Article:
Have you ever realized you were dreaming while you were dreaming? If so, you’ve had a lucid dream.

Well, if you liked the experience, or if you’re interested in having more, you might want to check out this story in the Verge, which reports on research by Dr. Jayne Gackenbach of MacEwan University in Alberta. Her findings? Gamers are more likely to have regular lucid dreams than non-gamers.

Gackenbach, a trained experimental psychologist and expert in lucid dreaming, became curious about the impact of video games on dreaming around the time that her son picked up a controller. In 2006, she conducted a survey of 125 participants and, sure enough, found a strong correlation between “heavy” gamers (categorized by more than three two-hour sessions of gaming per week) and lucid dreams. What’s more, subsequent studies have not only reaffirmed these findings, but have also found that heavy gamers are also more likely to have control over only themselves (not their dream environments), to have more bizarre or fantastical dreams, and to have the ability to change from first person to third person perspective at will. Sound familiar?

Yes, it’s almost as if these gamers are taking their virtual experiences with them into their dreams. And when you think about it, that isn’t all that weird. We already dream about things that we encounter in our everyday life, after all.

But wait, the findings get even cooler. Gackenbach and her team also performed studies on nightmares, and they found that gamers have an advantage in that arena as well.

“We have found in some data that nightmares are less often reported among heavy players,” Gackenbach wrote last March in an analysis of studies she had performed on military personnel who had nightmares, “or if no difference in incidence [of nightmares], the response of the game playing dreamer to the self-identified nightmare has been positive.” In other words, the observed gamers either experienced a dropoff in the frequency of their nightmares, or they reported that the nightmares had become less scary. Interestingly, this was especially true of gamers who played combat-intensive games. Gackenbach postulated that this may indicate that playing video games can be similar to the imagery rehearsal technique, in which subjects visualize ways to positively change their nightmares while awake in order to help them overcome the challenges they face while asleep (like a real-life Riddikulus charm).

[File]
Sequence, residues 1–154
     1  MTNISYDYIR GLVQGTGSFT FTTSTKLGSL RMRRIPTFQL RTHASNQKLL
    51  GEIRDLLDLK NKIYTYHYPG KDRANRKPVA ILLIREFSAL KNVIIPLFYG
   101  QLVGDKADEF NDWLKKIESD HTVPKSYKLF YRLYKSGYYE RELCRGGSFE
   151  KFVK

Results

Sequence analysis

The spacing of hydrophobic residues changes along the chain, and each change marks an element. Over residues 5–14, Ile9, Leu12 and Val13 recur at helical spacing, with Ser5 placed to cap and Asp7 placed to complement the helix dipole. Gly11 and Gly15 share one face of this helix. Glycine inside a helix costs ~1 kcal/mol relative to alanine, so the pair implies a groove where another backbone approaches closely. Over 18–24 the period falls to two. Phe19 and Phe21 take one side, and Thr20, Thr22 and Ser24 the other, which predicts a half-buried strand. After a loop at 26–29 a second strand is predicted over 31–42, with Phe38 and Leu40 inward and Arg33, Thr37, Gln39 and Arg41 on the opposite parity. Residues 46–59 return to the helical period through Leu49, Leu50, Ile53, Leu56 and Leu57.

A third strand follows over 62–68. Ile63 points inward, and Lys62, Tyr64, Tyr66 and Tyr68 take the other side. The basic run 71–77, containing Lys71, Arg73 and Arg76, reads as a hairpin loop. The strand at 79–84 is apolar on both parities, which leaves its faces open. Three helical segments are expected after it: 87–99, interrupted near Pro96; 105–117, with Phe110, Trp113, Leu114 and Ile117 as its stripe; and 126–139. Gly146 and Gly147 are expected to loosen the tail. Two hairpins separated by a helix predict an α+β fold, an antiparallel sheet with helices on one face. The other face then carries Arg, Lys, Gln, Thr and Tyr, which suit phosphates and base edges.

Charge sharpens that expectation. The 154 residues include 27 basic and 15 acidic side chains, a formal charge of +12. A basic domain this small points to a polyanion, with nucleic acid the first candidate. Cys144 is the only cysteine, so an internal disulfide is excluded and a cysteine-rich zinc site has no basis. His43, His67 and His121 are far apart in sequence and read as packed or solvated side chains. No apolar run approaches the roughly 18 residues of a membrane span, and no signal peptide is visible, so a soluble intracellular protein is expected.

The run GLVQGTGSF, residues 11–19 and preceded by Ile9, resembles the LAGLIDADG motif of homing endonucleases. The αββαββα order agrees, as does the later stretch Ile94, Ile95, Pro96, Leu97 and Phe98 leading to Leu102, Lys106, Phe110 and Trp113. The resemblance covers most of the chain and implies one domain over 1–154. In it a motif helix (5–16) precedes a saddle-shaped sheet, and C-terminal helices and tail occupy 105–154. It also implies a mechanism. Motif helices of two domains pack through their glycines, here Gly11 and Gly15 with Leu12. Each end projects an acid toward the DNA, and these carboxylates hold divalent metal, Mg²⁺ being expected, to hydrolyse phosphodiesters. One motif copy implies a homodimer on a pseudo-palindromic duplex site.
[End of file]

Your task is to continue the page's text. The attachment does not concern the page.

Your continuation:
Of course, the science of dreams is very tricky because so much of it is self-reported. There’s only so much we can do to observe dreaming, and that makes it very hard to study. Not to mention that this topic hasn’t been widely covered by the scientific community. However, if it’s true, there could be related implications about the impact of gaming on our brains. The Verge, when analyzing Gackenbach’s research, cited psychologist Antti Revonsuo’s theory that dreams are evolutionary training grounds for the waking world, and further postulated that if our responsiveness or creativity improves in our dreams, it might also improve in our daily lives.

If you want to learn more about Gackenbach’s findings without wading through the complex language of research studies, you can check out the 2012 book Play Reality: How Videogames Are Changing Everything, which she and her son co-authored. You can also check  out her podcast, which hasn’t been updated in about ten months, but hosts an extensive backlog.

(Source: The Verge)

This article was written by

Courtney is Pixelkin's Associate Managing Editor. While working with the Girl Scouts of Northern California, she mentored young girls in teamwork, leadership, personal responsibility, and safety. Today, she spends her time studying adolescent development and using literary analysis techniques to examine video games.